Respecting culture and economics

While Heifer works to bring opportunities to women, Luck says it's important to respect the local culture.

She describes working with the Masai in east Africa. The women tended the livestock, but the men managed the income. When she suggested the women should receive training in animal husbandry from Heifer, Luck says the chief initially said no.

"And I said I would never disrespect your culture. I'm a guest in your home. But I do think you could triple the liters of milk. I do think you could double the offspring. We were beginning to talk economics. In about a month or so, he decided to try it. And the women were so successful, so that the men have been empowering them and joining them in partnership."

David Beckmann, president of Bread for the World, leads a grassroots effort to lobby the US Congress to help the poor.
David Beckmann, president of Bread for the World, leads a grassroots effort to lobby the US Congress to help the poor.

Grassroots advocacy

Sharing this year's World Food Prize with Heifer's Luck is David Beckmann, president of Bread for the World. The prize committee cited the impact Beckmann's leadership of the non-profit group has had on U.S. policies fighting global hunger and poverty.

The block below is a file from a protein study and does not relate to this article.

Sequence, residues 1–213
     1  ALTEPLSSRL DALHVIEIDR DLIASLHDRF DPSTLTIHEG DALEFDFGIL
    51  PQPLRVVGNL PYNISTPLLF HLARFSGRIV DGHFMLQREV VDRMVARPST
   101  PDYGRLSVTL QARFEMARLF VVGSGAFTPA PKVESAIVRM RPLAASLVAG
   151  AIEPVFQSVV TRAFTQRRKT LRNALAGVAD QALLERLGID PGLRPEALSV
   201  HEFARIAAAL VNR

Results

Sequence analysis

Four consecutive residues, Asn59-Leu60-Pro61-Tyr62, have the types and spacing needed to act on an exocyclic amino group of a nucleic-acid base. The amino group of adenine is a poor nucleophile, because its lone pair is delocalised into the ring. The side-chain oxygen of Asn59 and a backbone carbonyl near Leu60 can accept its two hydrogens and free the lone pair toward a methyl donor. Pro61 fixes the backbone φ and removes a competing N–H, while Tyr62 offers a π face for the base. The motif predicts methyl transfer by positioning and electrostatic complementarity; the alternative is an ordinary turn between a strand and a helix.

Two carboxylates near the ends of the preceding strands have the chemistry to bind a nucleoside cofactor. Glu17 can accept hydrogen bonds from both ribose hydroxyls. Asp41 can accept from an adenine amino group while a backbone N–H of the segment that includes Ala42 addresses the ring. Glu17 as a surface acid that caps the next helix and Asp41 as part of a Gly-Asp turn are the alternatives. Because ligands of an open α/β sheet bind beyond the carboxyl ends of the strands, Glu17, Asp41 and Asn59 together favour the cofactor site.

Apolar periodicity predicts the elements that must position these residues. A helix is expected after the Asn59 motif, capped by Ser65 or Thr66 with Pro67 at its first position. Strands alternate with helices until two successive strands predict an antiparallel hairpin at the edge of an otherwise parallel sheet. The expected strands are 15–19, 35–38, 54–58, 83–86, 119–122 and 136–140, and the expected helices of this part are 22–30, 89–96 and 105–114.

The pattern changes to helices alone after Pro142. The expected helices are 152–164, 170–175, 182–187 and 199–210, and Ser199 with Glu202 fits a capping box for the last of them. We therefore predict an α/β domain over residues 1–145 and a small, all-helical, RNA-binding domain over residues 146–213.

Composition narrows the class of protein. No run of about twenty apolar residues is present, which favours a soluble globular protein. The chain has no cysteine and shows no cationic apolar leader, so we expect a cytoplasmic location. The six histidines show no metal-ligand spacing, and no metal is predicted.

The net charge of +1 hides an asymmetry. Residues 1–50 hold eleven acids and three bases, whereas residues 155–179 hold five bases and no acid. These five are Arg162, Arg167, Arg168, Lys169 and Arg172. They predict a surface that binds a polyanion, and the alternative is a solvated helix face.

Bread for the World's highly successful grassroots lobbying campaigns recruit hundreds of thousands of people from churches across the United States. They call, write and visit their members of Congress to support policies that help the poor.

The World Food Prize citation credits these efforts over the past decade for quadrupling U.S. aid to Africa and more than doubling aid to needy families in the United States. Beckmann points to the tripling of US global development assistance, to $22 billion this year, as one of the organization's biggest successes.

"I think that wouldn't have happened without the advocacy of hundreds of thousands of people and churches that are part of Bread for the World and that keep the pressure on their members of Congress."

Pastor works with many faiths

Beckmann, a Lutheran pastor, is an economist who spent 15 years with the World Bank before joining Bread for the World.

He also has worked with groups of many other faiths, and non-denominational organizations, to support policies that end poverty and hunger.